Recognising the importance of public and professional involvement in social care research, #SCIL is an initiative hosted by the Centre for Ageing and Dementia Research that is designed to support creative approaches to research development and knowledge exchange (http://www.cadr.cymru/en/social-care-innovation-lab.htm).  #SCIL is underpinned by three key principles that are essential to generating robust research evidence that informs the realisation of policy and practice objectives – involving, innovating and improving.

#SCIL Labs meet in an actual or virtual space with, for example, pop-up labs in community settings to share ideas, experiences and understandings.  They provide opportunities that are in short supply:  

  • It is rare to explore social care research ideas with lots of different people who see and approach a topic from different perspectives 
  • It is rarer still for all these different people to listen to each other and start thinking together in a supportive environment that recognises the value of co-produced research   

Acting as a connecting hub, #SCIL also facilitates knowledge exchange between people, enabling them to share ideas and evidence that contributes towards the achievement of well-being outcomes, continual professional development and quality improvement of services  

 

Meaningful short breaks for carers and people with complex care and support needs:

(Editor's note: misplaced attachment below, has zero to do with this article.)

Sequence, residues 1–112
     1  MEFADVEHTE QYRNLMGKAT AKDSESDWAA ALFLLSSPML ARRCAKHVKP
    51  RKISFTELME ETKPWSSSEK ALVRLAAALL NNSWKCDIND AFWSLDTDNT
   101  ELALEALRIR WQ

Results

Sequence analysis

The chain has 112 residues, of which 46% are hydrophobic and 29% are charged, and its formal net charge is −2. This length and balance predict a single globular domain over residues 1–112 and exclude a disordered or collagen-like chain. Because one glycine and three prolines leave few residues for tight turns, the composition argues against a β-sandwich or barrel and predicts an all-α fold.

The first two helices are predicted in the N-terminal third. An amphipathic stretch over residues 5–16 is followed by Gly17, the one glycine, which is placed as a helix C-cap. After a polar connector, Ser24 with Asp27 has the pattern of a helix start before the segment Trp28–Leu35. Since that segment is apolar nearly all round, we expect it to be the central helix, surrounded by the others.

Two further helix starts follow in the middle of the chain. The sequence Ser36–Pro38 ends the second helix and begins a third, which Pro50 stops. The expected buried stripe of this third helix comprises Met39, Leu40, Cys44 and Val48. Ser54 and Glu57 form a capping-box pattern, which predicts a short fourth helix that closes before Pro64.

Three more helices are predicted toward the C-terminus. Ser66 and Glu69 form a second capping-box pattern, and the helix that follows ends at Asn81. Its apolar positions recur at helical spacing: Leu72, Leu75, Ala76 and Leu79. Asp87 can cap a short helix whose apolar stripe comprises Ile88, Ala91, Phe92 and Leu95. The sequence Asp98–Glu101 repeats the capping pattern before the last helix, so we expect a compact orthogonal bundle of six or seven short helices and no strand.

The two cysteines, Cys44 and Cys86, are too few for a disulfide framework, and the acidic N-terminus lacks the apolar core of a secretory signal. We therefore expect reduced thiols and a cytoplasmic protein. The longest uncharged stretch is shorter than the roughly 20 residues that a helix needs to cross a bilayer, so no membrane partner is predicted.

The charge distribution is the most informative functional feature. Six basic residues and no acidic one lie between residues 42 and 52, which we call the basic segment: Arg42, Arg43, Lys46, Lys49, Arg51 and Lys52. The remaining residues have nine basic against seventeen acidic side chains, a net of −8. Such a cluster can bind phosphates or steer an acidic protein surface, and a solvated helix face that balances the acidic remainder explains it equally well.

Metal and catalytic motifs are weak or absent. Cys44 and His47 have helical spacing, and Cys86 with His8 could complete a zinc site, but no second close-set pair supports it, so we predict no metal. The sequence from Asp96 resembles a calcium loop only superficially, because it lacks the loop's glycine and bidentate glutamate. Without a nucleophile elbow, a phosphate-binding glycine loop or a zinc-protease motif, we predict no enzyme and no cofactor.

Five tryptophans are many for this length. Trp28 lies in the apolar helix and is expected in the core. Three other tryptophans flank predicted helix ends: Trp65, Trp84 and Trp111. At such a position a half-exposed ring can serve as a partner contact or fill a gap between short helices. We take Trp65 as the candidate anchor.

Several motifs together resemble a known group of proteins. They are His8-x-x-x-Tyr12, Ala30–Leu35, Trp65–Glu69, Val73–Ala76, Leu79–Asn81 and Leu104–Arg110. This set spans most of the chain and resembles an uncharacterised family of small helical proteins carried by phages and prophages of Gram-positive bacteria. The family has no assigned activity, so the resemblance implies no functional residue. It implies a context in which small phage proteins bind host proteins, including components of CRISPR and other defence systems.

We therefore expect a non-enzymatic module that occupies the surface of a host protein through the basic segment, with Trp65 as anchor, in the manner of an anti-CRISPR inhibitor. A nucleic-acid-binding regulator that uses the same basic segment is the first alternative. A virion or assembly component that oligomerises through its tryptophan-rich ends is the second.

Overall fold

Building on an established carer research programme at Bangor, the meaningful short breaks research stream is addressing an area of international concern as policy makers and practitioners seek to develop flexible approaches to service provision that support positive, sustainable caring relationships.   Having mapped the evidence base for short breaks for carers for older people (https://www.sharedcarescotland.org.uk/wp-content/uploads/2019/10/05615-Shared-Care-Scotland-research-report.pdf), current research projects include Co-creating, Commissioning and Delivering Meaningful Short Breaks – integrating research, policy and practice funded by the Welsh Government.  Members of the School of Health Sciences (DS) have played a key role in establishing a UK-wide Short Breaks Research and Practice Development Group that is shaping a future research agenda and supporting capacity building and research excellence in an under-researched area.  The Group acts as the UK link for the International Break Exchange Network.

 

Other social care projects addressing how to improve the quality of care and services:

Social care research projects address some of the key principles underpinning the Social Services and Well-being (Wales) Act 2014, including multiagency working, voice and control and prevention and early intervention:

  • Multi-agency working – The application of systems thinking approaches to support the development of integrated care services for adults with complex care needs involves a systematic review of the evidence base and collaborative working with a local authority to develop be-spoke recommendations for their organisation.
  • Prevention and early intervention – Night Owls: exploring unscheduled care at night involves a scoping review, the analysis of routinely collected data on an innovative service (providing unscheduled support during the night-time to relieve pressure on the 999 service) and interviews with older people.  Outputs include be-spoke satisfaction and outcomes tools.
  • Voice and control – Everyday lives: exploring the experiences of people with a learning disability in the early stages of the new Social Services and Wellbeing Act (2014) Wales  involves a systematic review and narrative interviews with people living with a learning disability and their families as well as key professionals in the statutory and independent sectors.